Queen Isabella Eats a Pineapple and Misses the Jews

by Cami Park

It was Christopher who got her thinking about the Jews again. He had left the same day they did, and so all were connected in her mind, as if together somehow. She read his letters half-wondering if he would mention them, wanting to know if the Jews were devastated without her, or if they had moved on quickly. Were they sullen? Did they talk about her? What did they say? Were there other monarchs already? Did they seem happy, or were they sometimes wistful for no apparent reason?


Now Christopher was back again, without them, a year later, with gold and Indians and this odd fruit that confronts her now at her breakfast on the terrace overlooking the sea. It is funny-looking—bottom-heavy, spiny, rough to the touch, with a bushy, pompous crown. Yet split on the platter before her, the exposed flesh of the pineapple seems as the sun itself, and the sweetness of it is almost enough to cause Isabella to cast off her jewels and renounce Christ and everything and wander the earth. Just to do it.


She had only just started to get over them, the Jews, with their stubborn, endearing habits, the way they'd circumcise their young and refuse to lift a finger on Saturdays, and could never ever say the name of God out loud. Infuriating. Adorable.


She used to like to tease the Jews, on their lazy afternoons together. She would playfully circle the edge of their ear with her little finger and whisper —yah weh yah weh—it was a delight to her, their change in color, the turning away, the way she could feel them wanting to say something, not daring. How shamelessly she used them.


It wasn't that she wanted to change the Jews. She loved the Jews, and only wanted to improve them. She knew if she worked on them enough—restricted their living quarters, had them wear badges to identify themselves —she could eventually get them to change their eating habits, and little by little they would accept Jesus and stop lighting so many candles. It was a matter of perseverance. A labor of love. She would have kept the Jews around forever if it wasn't for Torquemada's jealousy. Silly Torquemada. Everyone knew he was gay, anyway.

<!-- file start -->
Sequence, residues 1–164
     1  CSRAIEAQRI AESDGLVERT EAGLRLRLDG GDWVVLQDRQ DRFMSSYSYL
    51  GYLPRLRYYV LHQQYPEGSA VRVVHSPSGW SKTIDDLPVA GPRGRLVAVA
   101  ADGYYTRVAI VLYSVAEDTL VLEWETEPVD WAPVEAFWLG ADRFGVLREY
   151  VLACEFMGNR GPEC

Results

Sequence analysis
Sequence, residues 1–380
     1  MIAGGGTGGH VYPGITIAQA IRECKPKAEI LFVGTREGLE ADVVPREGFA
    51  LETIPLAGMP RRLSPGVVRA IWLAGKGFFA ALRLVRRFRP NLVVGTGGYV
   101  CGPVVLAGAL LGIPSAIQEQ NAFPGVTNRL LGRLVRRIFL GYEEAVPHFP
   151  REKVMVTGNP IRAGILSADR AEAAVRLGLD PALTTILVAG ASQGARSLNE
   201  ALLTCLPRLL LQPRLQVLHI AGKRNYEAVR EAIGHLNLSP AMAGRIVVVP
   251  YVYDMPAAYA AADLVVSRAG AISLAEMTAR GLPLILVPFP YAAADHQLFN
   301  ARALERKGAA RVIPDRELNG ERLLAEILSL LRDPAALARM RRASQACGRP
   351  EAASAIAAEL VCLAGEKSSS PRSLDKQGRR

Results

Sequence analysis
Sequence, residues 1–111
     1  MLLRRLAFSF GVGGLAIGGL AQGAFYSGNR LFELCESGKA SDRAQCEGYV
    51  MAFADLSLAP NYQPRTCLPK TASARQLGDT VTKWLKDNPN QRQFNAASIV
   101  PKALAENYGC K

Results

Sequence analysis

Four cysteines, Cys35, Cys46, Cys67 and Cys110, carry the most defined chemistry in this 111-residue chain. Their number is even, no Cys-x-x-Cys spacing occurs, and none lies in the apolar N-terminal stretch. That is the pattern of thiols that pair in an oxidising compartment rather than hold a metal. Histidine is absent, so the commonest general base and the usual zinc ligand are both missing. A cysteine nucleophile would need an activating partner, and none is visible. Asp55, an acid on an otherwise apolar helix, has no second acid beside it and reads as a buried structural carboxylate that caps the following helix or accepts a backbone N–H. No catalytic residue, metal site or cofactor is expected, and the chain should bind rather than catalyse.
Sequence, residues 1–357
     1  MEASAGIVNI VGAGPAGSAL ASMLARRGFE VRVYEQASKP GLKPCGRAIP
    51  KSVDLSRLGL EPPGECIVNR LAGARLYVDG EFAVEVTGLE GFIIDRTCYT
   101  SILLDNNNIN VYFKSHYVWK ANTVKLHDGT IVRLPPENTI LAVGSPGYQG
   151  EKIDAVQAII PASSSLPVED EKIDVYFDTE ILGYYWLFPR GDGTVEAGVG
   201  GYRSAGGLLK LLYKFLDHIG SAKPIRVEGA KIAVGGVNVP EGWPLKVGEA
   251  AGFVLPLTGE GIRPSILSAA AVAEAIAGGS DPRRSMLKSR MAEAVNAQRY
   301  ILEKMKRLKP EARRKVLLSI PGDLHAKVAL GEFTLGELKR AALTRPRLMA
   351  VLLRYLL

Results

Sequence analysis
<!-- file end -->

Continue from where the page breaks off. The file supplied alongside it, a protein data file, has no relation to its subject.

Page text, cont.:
She ended it when she found out the Jews had been trying to get her pregnant. Torquemada brought her the evidence. The charts, the graphs. The notes on her cravings for cacao. She had been spending more time with the Jews than she realized. Madness. As if a baby could solve all their problems, make her give up tempting the Jews with bacon, or allow them into universities.


Of course, it was unforgivable. Isabella was a queen, and would not be fooled. She went to Ferdinand and questioned him on his close associations with the Jews. She accused him of loving them more than he loved her. The ultimatum was issued—it was the Jews, or his queen. Isabella cried. The Jews had to go.


And now here she is, a year later, Jewless on the terrace, faced with this ridiculous looking, impossible-tasting fruit, and the sea beyond. The fragrance of the pineapple is heady, and Isabella catches herself entertaining such outlandish thoughts as would the Jews take her back after everything. She is relieved when Ferdinand comes onto the terrace, in full regalia, ready to start a day posturing over the spoils of the New World.


Isabella commands Ferdinand to taste, and he bends down to the chunk of pineapple in the linen napkin in her hand. But the scent of the fruit on her breath is too much for him, and he pushes his lips against hers, causing her to lurch back and smash the chunk of pineapple into his chin. 


"All for the glory of Spain, my Queen, all for the glory of Spain," Ferdinand says as he wipes his face with the napkin. Isabella blinks.


There is silence between them. Ferdinand fidgets and paces behind Isabella; Isabella is still, looking at her hands.


"My King," the queen says, finally, "there's something I've often wondered. About the Jews."


Ferdinand stops moving altogether. "The Jews? What about them? I thought we were done with them."


"Why can't they—why don't they—didn't they—ever say the name of God out loud?"


"Oh." Ferdinand looks down, kicks at a stone on the terrace. "Grandfather said it was 'ineffable.'"




"Yes. Ineffable."




Queen Isabella reaches across the table and spears a chunk of pineapple with her fork. Ferdinand gazes to the sea, tugs his codpiece.